ExxonMobil Corp., ConocoPhillips and BP plc apparently are close to finalizing a deal with Alaskan officials to build a liquefied natural gas (LNG) export terminal to transport natural gas to overseas markets.
The three oil majors and Alaska officials are said to be completing negotiations and could announce an agreement within the next few days. The reports first surfaced in the Financial Times last week and were confirmed to NGI by three independent sources.
Alaska Gov. Sean Parnell is "cautiously optimistic" that an agreement could be reached, a spokesman said. Parnell, who has been talking about an LNG option for Alaska's gas for months, in early January met with the CEOs of ExxonMobil, BP and ConocoPhillips about moving the state's bountiful gas supplies to Asian markets via LNG tankers (see NGI, Jan. 9; Oct. 31, 2011).
According to the sources, an agreement was being drawn up to include a settlement over a long-running gas lease dispute at the ExxonMobil-led Point Thomson oil and gas lease on the North Slope. Point Thomson may hold up to one-third of the North Slope's natural gas reserves.
A settlement between the producers and the state over Point Thomson could clear the way for a commercial assessment of gas resources. In his state of the state address in January Parnell urged the producers to resolve litigation over the disputed leases (see NGI, Jan. 23; Nov. 21, 2011).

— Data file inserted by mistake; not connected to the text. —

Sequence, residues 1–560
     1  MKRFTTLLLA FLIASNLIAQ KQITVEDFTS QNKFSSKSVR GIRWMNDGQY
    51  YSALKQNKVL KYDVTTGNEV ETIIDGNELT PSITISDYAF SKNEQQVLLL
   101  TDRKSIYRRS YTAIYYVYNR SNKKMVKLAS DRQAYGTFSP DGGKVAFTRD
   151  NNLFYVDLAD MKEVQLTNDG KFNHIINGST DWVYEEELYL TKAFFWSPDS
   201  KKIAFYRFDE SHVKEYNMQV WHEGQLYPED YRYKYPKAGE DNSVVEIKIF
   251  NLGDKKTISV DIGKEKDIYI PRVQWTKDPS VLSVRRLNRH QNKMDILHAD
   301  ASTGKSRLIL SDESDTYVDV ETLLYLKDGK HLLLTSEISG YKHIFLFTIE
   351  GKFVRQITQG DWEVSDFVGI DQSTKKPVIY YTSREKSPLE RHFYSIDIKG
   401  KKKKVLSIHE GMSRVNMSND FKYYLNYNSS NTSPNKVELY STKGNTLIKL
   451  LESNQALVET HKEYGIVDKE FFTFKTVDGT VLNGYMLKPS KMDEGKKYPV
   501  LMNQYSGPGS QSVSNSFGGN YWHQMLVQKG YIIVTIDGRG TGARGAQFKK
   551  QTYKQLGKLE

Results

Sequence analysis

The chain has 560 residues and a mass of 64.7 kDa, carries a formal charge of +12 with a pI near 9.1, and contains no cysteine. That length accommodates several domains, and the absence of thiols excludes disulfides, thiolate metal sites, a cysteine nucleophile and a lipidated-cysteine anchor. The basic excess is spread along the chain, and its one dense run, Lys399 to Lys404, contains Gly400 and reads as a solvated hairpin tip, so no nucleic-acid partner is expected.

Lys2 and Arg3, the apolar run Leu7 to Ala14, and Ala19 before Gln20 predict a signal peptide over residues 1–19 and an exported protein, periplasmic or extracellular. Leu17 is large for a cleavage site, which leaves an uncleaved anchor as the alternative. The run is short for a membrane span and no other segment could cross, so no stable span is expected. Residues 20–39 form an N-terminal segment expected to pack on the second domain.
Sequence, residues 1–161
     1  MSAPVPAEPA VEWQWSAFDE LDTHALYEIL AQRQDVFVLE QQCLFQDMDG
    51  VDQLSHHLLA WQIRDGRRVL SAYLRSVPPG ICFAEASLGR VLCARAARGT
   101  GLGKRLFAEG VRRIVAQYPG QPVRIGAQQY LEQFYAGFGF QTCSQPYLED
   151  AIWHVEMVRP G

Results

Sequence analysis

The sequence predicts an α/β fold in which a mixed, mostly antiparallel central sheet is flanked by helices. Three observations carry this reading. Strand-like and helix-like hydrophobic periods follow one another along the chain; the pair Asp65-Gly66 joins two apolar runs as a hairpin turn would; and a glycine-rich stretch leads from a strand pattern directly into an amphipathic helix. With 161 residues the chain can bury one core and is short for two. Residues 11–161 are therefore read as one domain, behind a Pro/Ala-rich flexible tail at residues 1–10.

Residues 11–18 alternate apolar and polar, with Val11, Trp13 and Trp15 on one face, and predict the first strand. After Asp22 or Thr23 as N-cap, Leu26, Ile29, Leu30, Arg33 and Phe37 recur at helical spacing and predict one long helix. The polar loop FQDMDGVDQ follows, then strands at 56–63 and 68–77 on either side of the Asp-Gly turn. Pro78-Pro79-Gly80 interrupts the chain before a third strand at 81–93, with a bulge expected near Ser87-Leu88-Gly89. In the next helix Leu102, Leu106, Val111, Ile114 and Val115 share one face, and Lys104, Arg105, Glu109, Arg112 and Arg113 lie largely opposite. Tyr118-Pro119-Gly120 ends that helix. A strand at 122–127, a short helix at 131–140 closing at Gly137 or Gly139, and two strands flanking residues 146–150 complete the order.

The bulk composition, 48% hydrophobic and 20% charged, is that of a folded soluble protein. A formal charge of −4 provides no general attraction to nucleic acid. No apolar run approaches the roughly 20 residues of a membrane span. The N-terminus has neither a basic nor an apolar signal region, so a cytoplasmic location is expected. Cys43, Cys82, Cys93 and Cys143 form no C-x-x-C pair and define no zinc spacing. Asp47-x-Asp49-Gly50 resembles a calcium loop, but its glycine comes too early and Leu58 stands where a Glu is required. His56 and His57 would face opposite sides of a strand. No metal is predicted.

During ExxonMobil's investor meeting earlier this month in New York City (see NGI, March 12), CEO Rex Tillerson and his management team said they were considering three LNG export avenues in North America: along the Gulf Coast, where the company has the Golden Pass LNG import terminal; Western Canada, where it is the largest leaseholder in the gassy Horn River Basin in British Columbia; and in Alaska. The executives offered few details.
"We are evaluating it, but nobody's doing it yet," Tillerson said. "We haven't applied for permits. We're not talking about reexporting, but exporting."
ExxonMobil's Andy Swiger, senior vice president of Upstream projects, said the company had been "studying" LNG exports from North America for a while.
"What makes us different from a number of people, from those that have jumped into the permitting, is that we have a pretty good understanding of it, having been in the business for over three decades," said Swiger. "We understand the risks involved and the capital involved in building liquefaction trains, setting up commercial arrangements.
"We believe it's appropriate that we look at all of the models to see how it would work on a global basis and give it the time and attention it needs before we decide whether it's a business worth approaching," Swiger said.
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